Warning: this starts out badly, but I'd advise you to stay with me.
John McCain is the worst candidate in my lifetime. I never thought there could be anyone worse than Dukakis and Dole, but Senator McCain has set a new record that will probably never be equaled. In sports, when a team has so many missed opportunities, they usually lose – but not always. Although McCain is batting a thousand in opportunities missed.
And I have every confidence that he'll be an even worse President than he is a campaigner. Which is why I have already firmly embraced Ann Coulter's idea that the Congress bring impeachment charges against him immediately upon taking office.
But I digress. Where was I… bad candidate, worse President… oh, OK… and he's a lot more like President Bush than he realizes.
So where does that leave us? Well, last night John McCain had his strongest debate performance. He actually had some memorable lines, and he may have established Joe the Plumber as a sympathetic character for the Republican cause, and if so, that's one thing Barack Obama hasn't been able to do for his side, but of course, there are no sympathetic liberals.
McCain nailed Obama on drilling when he called attention to Obama's glossy rhetoric: "He'll 'have a look at drilling'," which everyone immediately understood that to mean, "no how, no way!" And McCain did good on vouchers when he pointed out Obama's illogical position that he didn't want to do something that worked because he couldn't do more of it, which is also Obama's position on drilling, by the way. And McCain also established that Obama wants to take money from people and give it to whomever he feels deserves it more, and finally, McCain scored big with his emphatic: "I'm not George Bush, if you wanted to run against George Bush, you should have run four years ago."
I believe McCain also firmly, and once and for all, established himself as a decent man, a person who is not at all like the Obama campaign and the media relentlessly try to portray his as, and in doing so, he may even have preempted some of Obama's lines of attack in the closing days.
So while John McCain's debate performance on a scale of one to ten, one being terrible, was a one, it beat his first two performances which were god-awful, and it could be enough for people to realize that he's the better choice, which of course is an understatement, since Obama has no business even being in the same room with him.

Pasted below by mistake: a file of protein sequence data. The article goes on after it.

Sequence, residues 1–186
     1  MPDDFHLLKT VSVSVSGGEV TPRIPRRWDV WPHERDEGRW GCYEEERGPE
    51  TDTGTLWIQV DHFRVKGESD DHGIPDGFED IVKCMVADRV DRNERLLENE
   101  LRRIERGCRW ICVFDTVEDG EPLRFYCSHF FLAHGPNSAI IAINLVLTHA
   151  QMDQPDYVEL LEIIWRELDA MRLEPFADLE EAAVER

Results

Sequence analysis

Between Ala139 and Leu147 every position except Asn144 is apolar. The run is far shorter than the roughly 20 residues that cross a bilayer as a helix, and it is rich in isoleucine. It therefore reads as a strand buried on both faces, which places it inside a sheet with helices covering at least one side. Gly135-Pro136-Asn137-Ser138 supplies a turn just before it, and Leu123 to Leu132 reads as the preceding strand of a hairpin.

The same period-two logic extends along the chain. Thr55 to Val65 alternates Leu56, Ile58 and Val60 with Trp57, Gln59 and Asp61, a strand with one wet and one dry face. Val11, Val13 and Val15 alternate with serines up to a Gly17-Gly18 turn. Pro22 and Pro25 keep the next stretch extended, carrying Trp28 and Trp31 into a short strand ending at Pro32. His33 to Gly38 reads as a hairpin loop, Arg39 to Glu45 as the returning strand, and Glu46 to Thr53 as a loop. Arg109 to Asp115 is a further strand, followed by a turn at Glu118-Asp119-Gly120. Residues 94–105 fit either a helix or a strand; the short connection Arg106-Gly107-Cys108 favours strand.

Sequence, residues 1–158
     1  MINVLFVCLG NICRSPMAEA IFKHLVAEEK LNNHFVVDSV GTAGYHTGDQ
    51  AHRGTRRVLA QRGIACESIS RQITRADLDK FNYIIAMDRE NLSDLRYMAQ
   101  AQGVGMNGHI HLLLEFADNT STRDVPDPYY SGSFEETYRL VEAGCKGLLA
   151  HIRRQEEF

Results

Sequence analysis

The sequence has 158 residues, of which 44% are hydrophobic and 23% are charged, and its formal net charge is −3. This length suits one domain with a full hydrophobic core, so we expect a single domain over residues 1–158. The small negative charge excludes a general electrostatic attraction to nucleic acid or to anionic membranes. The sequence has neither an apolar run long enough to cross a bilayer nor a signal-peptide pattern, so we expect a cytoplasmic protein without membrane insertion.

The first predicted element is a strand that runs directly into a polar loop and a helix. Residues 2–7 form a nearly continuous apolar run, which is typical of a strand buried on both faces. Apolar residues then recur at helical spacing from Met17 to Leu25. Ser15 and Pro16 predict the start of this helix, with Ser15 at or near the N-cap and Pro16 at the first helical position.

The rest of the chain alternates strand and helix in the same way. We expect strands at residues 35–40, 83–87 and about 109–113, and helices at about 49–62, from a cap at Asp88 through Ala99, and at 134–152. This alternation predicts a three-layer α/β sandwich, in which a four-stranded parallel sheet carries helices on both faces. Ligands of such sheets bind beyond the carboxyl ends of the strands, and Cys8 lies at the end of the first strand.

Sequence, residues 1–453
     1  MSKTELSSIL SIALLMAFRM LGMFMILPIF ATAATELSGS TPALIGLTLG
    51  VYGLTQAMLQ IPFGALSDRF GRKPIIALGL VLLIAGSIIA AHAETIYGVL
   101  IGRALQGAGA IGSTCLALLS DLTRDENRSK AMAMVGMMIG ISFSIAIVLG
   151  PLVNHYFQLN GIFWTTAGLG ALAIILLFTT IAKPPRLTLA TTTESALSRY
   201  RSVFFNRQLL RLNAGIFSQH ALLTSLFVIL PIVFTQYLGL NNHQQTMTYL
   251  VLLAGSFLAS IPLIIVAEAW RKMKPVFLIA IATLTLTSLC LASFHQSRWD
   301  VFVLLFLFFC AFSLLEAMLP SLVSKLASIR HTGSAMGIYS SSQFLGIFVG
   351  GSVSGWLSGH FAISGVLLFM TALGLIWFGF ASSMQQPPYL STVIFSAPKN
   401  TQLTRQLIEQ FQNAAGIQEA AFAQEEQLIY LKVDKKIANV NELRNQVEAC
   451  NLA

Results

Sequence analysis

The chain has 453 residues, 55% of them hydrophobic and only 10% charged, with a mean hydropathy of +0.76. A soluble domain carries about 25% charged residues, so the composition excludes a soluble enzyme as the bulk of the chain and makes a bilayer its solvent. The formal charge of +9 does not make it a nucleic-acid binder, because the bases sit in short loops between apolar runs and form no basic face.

Which is another reason I commend John McCain. I'd have had to punch out the punk last might as he sat there with that smug smile and the arrogant attitude that screamed, "go ahead, say anything you want, Senator McCain, I've got this wrapped up."
But it's even worse than that for McCain himself. He had to appear with someone as despicable as William Ayers and Reverend Wright and treat him not just decent, but like an equal. He had to debate someone who has used race against him, someone who has smeared him, in Spanish no less. He had to look directly at someone who approves of all forms of abortion, who has stated he's willing to accept a genocide as a price to pay for leaving Iraq, who would meet one on one with Iranian leaders, who reneged both on his pledge to accept public financing for his campaign and his commitment to town hall meetings, who has palled around with terrorists and racketeers and steered money to them, and who has no experience in running anything whatsoever, yet acts as if he knows better than anyone how to solve the country's problems at one of the toughest moments.
And through it all, Senator John McCain has remained calm, too calm for my liking, but statesmanlike nonetheless, and for all that, he's earned the right to have his missteps discounted and to be praised for his forbearance and good cheer. For if he's run the worst campaign in the last fifty years, Barack Obama has run the ugliest. In fact, Obama is like Dracula. he sucks the lifeblood out of good people, and he looks great doing it, but if he's ever exposed to sunlight, even for an instant… well, you know the story.